Biodiversity Manipulation in Rhizosphere and Soil – MICRORHIZO

Redundancy of species within functional groups of ecological systems can be found when declining species diversity does not lead to a change in ecosystem processes. Important components of terrestrial ecological systems are plants, fungi, bacteria, soil fauna, dead organic matter, the physico-chemical soil environment (including chemical signalling). Hot spots of high material dynamics are the rhizospheres of plants, the hyphospheres of fungi and the microenvironments of soil engineers. The central experimental approach of the project is the variation of species diversity within functional groups of the food web in the laboratory (in microcosms and mesocosms) and in the field by the construction (addition of populations) and destruction of systems (elimination of populations). The effects of different diversity can be measured for a whole suite of ecosystem processes such as decomposition, mineralisation or primary production. The central question is: How does a system change in diversity or processes after elimination or addition of species or functional groups.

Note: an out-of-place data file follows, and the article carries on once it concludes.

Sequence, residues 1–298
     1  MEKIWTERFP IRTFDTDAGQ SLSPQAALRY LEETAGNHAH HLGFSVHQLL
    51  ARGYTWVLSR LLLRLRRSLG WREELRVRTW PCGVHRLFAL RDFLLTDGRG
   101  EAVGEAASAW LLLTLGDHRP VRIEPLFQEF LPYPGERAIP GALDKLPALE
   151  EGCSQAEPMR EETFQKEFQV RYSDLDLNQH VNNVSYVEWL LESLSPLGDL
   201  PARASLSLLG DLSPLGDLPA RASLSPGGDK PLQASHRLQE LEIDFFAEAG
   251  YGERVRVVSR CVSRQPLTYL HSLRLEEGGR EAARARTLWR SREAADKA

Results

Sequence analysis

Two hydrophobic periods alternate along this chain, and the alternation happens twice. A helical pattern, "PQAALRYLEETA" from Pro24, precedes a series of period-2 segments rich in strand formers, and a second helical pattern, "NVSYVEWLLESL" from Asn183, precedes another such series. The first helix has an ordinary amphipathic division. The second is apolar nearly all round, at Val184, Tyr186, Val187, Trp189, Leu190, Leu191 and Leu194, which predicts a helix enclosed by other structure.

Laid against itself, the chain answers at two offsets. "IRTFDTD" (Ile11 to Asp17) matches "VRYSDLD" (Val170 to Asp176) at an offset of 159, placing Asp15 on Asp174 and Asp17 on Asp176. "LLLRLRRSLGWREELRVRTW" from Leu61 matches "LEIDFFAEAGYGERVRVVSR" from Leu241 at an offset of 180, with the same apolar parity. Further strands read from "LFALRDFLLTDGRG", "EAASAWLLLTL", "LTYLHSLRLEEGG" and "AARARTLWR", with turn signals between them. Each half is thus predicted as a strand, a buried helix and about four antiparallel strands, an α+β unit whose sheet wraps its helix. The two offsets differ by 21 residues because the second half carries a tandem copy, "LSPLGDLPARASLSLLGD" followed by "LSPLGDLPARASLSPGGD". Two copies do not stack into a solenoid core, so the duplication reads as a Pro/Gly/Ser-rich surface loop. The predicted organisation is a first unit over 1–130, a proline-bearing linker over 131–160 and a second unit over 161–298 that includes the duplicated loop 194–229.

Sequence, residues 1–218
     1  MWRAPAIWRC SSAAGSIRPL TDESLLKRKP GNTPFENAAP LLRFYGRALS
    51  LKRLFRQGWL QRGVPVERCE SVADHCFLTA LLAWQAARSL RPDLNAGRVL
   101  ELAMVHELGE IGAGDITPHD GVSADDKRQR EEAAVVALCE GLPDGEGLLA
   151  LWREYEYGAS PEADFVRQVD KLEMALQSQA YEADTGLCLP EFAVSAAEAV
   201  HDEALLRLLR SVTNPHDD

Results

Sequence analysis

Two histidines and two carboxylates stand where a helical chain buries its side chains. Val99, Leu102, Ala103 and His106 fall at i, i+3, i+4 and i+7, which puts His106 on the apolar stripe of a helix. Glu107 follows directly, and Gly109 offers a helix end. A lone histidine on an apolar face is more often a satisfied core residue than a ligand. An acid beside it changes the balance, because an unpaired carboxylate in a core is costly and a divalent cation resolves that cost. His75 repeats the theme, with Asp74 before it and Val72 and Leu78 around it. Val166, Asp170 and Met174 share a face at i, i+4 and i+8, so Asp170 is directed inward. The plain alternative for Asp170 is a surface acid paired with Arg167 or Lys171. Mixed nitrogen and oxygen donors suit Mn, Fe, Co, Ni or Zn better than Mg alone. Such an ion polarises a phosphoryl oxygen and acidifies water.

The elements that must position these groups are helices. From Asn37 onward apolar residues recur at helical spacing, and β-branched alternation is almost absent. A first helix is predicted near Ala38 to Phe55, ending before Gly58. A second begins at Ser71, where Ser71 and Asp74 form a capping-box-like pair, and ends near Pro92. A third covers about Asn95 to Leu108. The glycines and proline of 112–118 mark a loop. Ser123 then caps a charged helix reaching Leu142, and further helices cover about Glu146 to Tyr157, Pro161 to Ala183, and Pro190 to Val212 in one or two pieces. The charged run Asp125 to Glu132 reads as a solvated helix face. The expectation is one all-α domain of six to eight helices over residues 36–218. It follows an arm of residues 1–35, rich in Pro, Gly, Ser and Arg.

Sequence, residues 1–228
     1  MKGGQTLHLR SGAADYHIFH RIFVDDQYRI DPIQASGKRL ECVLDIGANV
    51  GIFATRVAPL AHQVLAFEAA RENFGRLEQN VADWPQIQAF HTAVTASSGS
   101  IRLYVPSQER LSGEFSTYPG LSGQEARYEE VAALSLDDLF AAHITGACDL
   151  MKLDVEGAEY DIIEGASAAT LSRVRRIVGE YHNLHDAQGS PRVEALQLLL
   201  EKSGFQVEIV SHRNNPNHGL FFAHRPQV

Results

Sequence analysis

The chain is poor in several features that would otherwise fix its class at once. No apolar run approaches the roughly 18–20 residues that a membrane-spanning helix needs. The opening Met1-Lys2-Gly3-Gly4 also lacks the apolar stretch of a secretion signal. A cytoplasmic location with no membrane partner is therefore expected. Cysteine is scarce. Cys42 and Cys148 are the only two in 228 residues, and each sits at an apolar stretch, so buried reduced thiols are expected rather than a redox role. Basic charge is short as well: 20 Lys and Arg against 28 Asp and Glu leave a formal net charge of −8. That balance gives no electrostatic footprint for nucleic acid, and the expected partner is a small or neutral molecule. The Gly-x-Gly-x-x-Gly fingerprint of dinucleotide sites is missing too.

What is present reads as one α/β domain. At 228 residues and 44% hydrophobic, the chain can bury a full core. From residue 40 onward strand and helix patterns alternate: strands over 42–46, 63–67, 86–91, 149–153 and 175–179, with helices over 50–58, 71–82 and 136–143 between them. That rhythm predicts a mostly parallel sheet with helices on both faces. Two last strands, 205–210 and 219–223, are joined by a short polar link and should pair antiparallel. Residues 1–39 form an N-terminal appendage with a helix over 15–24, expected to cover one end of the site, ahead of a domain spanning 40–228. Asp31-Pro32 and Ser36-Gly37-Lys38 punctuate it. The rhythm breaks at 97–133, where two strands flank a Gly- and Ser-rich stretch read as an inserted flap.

The basic methodological approach is the variation of species numbers as the independent variables in the functional components of the soil systems. Mesocosm experiments in the field will comprise elimination of herbs, elimination of earthworms/ants, elimination of detritivorous macrofauna, addition of earthworms/ants, addition of macrofauna. Decomposer food webs are established in microcosms and in mesocosms in the laboratory with/without plants (tree/herb/grass) and with increasing functional/species complexity of the components (plants, bacteria, mycorrhiza, nonmycorrhizal fungi, mesofauna, macrofauna). Possible parameters measured concern – among others – macrofauna, mesofauna, microfauna, microorganisms, plant biomass, primary production, root/shoot ratio, litter mass loss, microbial biomass/activity, ratio fungi/bacteria, development of the mycorrhiza, C mineralisation, N mineralisation, P mineralisation, nitrification, denitrification, production of DOC, DON and volatile organic compounds (VOC).